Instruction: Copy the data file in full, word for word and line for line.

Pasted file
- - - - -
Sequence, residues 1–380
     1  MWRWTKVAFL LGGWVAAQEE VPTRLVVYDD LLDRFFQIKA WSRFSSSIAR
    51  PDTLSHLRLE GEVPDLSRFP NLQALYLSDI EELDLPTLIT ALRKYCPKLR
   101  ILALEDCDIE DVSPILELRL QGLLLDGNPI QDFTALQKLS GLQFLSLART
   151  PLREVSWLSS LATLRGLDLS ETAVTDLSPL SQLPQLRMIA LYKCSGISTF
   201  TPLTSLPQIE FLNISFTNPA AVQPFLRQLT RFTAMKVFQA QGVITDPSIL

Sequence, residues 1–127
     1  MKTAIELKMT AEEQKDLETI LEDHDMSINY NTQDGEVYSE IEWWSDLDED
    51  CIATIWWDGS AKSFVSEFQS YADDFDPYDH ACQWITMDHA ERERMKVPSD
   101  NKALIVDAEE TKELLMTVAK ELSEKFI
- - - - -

Sequence, residues 1–380
     1  MWRWTKVAFL LGGWVAAQEE VPTRLVVYDD LLDRFFQIKA WSRFSSSIAR
    51  PDTLSHLRLE GEVPDLSRFP NLQALYLSDI EELDLPTLIT ALRKYCPKLR
   101  ILALEDCDIE DVSPILELRL QGLLLDGNPI QDFTALQKLS GLQFLSLART
   151  PLREVSWLSS LATLRGLDLS ETAVTDLSPL SQLPQLRMIA LYKCSGISTF
   201  TPLTSLPQIE FLNISFTNPA AVQPFLRQLT RFTAMKVFQA QGVITDPSIL

Sequence, residues 1–127
     1  MKTAIELKMT AEEQKDLETI LEDHDMSINY NTQDGEVYSE IEWWSDLDED
    51  CIATIWWDGS AKSFVSEFQS YADDFDPYDH ACQWITMDHA ERERMKVPSD
   101  NKALIVDAEE TKELLMTVAK ELSEKFI